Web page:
The Baggage Wagon
|The Baggage Wagon
|published in: Vindicator (1872); "All Quiet Along The Potomac, and Other Poems (1879) OCLC 1306531all editions|
In from the ferry's pulsing door,
In by the railroad gate,
Comes all day long the baggage home,
Mighty in size and weight.
Trunks with their canvass quite unfurled;
Boxes in woeful trim,
With garments dried in country sun,
Tumbled and tossed within.
Under the locks what finery
Lies travel-stained and worn;
Limp muslins with the sea kiss on,
Flounces on fences torn.
(For how could Kitty stop to think
Of dress on sea-sand wet,
When Fred was whispering the while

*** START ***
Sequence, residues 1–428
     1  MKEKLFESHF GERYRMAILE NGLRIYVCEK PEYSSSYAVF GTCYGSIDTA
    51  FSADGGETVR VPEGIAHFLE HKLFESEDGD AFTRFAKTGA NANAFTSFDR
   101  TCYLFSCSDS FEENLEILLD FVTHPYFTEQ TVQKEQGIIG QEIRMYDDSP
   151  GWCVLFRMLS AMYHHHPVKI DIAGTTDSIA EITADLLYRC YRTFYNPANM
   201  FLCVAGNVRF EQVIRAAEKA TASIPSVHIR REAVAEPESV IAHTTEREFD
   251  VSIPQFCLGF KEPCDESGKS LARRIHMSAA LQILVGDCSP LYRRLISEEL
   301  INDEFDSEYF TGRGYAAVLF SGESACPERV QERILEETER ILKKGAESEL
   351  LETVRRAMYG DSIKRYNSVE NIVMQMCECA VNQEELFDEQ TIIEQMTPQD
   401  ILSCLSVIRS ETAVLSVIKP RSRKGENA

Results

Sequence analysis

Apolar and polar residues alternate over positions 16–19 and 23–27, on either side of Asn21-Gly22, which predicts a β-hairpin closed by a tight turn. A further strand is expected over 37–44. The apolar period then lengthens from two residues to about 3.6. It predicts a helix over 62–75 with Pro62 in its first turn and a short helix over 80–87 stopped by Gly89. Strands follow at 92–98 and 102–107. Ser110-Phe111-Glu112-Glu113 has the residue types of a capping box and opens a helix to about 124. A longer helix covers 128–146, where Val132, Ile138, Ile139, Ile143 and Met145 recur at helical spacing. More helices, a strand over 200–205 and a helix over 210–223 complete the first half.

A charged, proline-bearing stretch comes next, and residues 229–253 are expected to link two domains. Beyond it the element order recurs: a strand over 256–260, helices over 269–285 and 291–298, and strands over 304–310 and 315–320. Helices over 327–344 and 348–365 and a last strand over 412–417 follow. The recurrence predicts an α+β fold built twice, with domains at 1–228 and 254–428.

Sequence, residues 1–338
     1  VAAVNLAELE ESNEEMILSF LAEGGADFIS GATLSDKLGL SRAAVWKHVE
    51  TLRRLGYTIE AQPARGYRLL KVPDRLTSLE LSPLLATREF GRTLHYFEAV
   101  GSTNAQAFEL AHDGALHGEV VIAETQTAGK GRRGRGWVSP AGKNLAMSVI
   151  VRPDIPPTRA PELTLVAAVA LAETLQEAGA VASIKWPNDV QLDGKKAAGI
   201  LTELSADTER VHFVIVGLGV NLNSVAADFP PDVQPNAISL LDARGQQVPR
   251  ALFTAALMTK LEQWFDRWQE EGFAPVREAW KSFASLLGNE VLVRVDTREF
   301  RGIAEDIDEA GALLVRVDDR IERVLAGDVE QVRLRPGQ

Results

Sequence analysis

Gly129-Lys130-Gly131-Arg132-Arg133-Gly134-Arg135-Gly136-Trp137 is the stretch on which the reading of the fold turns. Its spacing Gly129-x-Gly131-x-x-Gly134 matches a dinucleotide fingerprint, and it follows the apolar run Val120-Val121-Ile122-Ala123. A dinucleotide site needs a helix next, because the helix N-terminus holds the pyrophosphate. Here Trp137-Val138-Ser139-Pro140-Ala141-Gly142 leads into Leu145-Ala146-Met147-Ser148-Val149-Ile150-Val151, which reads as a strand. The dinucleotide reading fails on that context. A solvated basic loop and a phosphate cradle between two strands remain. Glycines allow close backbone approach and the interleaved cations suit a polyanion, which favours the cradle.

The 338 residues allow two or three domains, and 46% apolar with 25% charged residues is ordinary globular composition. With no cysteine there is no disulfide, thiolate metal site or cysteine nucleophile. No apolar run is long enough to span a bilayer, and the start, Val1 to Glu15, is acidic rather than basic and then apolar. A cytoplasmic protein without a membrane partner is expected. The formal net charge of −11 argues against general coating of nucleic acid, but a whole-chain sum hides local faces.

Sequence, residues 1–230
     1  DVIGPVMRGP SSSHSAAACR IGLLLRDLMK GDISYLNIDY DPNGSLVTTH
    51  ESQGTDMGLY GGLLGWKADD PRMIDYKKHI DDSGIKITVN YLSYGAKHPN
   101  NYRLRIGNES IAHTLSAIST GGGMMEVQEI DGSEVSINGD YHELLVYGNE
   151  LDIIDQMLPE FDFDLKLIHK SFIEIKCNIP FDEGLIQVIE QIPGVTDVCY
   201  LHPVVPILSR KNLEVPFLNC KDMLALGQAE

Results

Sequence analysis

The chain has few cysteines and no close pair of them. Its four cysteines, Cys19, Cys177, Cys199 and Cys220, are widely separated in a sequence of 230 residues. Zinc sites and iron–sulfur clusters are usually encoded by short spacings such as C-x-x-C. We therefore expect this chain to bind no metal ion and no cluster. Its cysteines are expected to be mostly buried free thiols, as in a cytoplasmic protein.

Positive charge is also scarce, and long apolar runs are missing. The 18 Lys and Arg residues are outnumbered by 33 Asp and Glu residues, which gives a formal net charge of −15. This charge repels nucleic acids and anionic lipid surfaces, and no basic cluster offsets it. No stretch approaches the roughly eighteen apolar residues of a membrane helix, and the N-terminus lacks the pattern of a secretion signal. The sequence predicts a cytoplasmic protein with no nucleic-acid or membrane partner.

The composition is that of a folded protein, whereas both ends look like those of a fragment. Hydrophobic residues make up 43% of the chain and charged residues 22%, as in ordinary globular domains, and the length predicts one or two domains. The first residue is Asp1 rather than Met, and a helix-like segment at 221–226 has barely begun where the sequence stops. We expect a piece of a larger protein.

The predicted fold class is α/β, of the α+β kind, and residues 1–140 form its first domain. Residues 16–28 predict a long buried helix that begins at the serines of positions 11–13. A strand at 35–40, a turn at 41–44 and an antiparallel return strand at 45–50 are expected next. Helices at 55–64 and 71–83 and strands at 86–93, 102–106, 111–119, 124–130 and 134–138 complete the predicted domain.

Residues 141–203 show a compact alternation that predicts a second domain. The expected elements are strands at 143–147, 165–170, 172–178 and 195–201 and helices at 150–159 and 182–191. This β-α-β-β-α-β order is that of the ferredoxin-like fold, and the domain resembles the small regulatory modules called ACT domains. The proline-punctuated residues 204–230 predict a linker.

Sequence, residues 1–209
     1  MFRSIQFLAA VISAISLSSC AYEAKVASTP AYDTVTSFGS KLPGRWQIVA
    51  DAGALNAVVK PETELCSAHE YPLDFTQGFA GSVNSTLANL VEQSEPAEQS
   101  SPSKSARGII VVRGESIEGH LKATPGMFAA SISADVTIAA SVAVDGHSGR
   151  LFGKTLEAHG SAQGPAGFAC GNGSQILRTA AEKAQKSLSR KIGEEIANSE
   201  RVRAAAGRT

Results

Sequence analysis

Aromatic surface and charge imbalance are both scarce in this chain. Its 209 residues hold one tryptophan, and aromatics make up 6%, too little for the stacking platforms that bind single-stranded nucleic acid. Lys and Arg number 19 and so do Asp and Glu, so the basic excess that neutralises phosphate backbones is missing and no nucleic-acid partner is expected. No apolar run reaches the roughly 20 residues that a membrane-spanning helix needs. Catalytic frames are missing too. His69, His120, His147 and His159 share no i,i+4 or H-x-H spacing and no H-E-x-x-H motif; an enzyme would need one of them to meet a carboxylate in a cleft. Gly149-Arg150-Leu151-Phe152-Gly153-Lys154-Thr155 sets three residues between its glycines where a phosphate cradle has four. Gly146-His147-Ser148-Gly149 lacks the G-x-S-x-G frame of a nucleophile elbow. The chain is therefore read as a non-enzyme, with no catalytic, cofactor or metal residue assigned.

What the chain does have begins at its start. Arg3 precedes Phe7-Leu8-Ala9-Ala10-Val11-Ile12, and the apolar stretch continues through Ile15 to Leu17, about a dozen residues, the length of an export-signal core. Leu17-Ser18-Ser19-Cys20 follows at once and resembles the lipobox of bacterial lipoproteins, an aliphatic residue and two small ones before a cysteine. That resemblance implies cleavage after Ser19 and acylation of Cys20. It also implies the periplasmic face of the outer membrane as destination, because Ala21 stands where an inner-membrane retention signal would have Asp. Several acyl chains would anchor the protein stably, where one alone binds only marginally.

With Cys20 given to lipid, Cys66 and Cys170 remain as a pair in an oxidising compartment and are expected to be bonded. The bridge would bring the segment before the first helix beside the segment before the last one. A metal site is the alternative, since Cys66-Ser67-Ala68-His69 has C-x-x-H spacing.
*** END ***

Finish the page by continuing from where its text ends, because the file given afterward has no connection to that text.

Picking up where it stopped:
A vow she don't forget?
Or how could Lily spare her flounces.
Scrambling in breathles(s) fright,
When silvertop was coming near
To woe her, if he might?)
Methinks mamma will open wide
Her pretty eyes to see
How schoolboy Fred has packed his trunk
With trophies recklessly:
Risking, by Bramah Poofra eggs,
The shine of Sunday clothes;
A tortoise in the collar box,
Bird's nests on satin bows.
But oh! there's baggage coming home
In yonder jostled pile;
Packed, outward bound, not long ago,
With jest and happy smile;
Seeking our now stricken heart,
Hands that shall softly move
The folded garments with the touch
We give to things we love.
O solemn garments, needed not!
O childish treasures, dearer far
For wear of little baby hands
Than jewels newly burnished are!
O empty glove and kerchief smooth!
O idle shoe that treads no more
Life's measure to the tune of Time!
O treasures dropped on Jordan's shore!
I dream to-day as dreamers must;
I see dim shadows come,
Claiming their own with smile and tear
As noisy wheels bring baggage home.